ICP-MS

January 11, 2011

This month, Spectroscopy's Wavelength Tech Forum looks at the topic of ICP and the trends and issues surrounding it. Joining us for this discussion are Shona McSheehy, Thermo Fisher Scientific, and Dr. Laszlo Ernyei, Senior Chemist/ Spectroscopist, SPEX CertiPrep.

One of the most powerful and sensitive testing techniques, inductively couple plasma–mass spectrometry (ICP-MS) has found application in fields as varied as water testing, food safety, and petroleum analysis.”

This month, Spectroscopy's Wavelength Tech Forum looks at the use of ICP-MS for elemental speciation (ES). Joining us for this discussion are Shona McSheehy, Thermo Fisher Scientific, and Dr. Laszlo Ernyei, Senior Chemist/Spectroscopist, SPEX CertiPrep.

One important area of development in ICP-MS is elemental speciation, with important applications in fields such as agriculture, biology, medicine, the environment, and geology. What are some of the most important advances that are coming out of this research?

McSheehy: The applications of elemental speciation now cover such a wide range of markets and research disciplines that it’s hard to keep up with the developments and progress in this field. Over the last few years, we’ve seen elemental speciation grow significantly in the medical and life science disciplines with ICP-MS sitting alongside ES-MS (and other similar techniques that generate molecular information about species) with the sum of information from the two techniques giving a more comprehensive answer about what is present in samples.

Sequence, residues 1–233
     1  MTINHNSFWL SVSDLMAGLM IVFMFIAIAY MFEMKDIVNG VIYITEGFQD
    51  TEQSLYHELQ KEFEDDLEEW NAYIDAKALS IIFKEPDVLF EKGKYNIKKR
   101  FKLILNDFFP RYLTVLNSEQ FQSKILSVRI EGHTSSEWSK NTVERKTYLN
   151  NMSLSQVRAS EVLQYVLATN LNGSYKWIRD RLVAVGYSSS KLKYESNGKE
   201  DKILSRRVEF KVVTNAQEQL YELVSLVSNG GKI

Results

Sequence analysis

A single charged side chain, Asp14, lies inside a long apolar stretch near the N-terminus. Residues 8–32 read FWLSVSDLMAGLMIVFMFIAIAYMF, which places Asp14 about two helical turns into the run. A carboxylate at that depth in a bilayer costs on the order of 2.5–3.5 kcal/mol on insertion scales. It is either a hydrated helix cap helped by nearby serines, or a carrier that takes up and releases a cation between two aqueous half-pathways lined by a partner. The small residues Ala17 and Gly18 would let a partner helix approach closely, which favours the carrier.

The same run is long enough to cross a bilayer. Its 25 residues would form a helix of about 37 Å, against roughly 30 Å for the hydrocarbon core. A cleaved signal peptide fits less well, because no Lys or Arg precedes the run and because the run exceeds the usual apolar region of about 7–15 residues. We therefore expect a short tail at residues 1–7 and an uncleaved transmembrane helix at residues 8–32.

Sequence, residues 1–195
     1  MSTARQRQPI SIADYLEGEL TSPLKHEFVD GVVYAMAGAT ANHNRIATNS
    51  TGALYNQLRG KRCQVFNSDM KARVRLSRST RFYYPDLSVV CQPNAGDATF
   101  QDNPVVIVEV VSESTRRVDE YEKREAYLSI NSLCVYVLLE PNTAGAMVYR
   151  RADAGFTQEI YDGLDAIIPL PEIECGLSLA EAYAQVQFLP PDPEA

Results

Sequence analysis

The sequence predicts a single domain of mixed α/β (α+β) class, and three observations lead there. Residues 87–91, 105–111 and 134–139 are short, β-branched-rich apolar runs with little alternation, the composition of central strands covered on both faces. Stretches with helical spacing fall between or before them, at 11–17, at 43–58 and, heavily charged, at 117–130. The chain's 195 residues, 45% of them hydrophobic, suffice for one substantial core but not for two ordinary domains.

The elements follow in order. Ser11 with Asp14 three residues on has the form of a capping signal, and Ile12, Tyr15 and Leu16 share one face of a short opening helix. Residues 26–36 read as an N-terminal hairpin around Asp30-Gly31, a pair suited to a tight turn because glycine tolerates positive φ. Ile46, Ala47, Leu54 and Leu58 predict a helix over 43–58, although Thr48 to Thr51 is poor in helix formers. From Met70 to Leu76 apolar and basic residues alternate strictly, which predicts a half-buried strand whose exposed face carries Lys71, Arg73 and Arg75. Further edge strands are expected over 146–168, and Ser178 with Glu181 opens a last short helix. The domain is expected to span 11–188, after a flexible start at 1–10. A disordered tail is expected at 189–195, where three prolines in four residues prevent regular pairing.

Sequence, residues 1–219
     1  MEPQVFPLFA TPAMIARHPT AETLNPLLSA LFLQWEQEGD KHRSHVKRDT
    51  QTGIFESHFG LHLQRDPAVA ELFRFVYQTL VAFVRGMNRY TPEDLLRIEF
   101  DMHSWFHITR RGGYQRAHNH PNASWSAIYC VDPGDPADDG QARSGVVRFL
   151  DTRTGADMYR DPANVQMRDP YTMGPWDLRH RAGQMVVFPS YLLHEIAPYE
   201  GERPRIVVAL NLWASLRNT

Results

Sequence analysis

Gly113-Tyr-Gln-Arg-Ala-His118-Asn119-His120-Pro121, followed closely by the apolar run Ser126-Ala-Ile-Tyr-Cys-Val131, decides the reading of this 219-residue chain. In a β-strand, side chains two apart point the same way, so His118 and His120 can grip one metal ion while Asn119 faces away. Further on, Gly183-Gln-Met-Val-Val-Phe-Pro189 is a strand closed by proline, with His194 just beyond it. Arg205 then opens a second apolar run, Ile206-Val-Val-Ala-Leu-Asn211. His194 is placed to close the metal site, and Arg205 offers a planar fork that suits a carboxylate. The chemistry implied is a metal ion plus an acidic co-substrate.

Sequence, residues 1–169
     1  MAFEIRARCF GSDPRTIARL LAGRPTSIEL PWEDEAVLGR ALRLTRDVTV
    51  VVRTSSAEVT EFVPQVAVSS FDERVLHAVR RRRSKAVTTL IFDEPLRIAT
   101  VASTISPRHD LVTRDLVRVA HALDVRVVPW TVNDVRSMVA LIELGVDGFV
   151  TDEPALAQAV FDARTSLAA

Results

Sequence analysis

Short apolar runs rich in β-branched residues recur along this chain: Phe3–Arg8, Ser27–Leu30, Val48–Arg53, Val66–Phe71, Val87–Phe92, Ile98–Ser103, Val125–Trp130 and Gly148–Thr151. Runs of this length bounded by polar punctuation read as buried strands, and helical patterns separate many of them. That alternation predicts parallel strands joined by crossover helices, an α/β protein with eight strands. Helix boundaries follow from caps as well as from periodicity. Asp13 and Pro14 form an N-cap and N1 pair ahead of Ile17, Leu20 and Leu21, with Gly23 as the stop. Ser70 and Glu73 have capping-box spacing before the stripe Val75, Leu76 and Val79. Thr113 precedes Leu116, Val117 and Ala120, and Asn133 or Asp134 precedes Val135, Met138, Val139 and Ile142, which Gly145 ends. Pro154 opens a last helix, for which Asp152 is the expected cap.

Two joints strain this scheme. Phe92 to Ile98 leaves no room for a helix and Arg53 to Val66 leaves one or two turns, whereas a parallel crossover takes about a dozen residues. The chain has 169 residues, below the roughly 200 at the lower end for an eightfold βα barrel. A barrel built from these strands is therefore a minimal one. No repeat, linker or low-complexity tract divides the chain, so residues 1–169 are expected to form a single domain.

The significance of metals and the role they play in cell biology is being investigated by a number of groups that have found that traditional proteomic approaches just can’t find or characterize where and which metal is present in any given proteome and that ICP-MS has the potential to give them those answers. A paper last year in Nature reported just how diverse the range of metals incorporated into a microorganism can be and also demonstrated organism-specific assimilation, paving the way for more exciting discoveries about metals and their place in the proteome. The recently established Metallomics conference (which will be held in Muenster in June of this year) and the RSC Metallomics journal reflect the growth and anticipated impact this field will have in cell biology.

Applying elemental speciation in pharmaceutical and clinical disciplines is also on the rise. Many pharmaceuticals contain elemental species as the active ingredient and characterizing the mechanisms of these medicines is necessary to understand how and where they work and how to employ them in an efficient manner.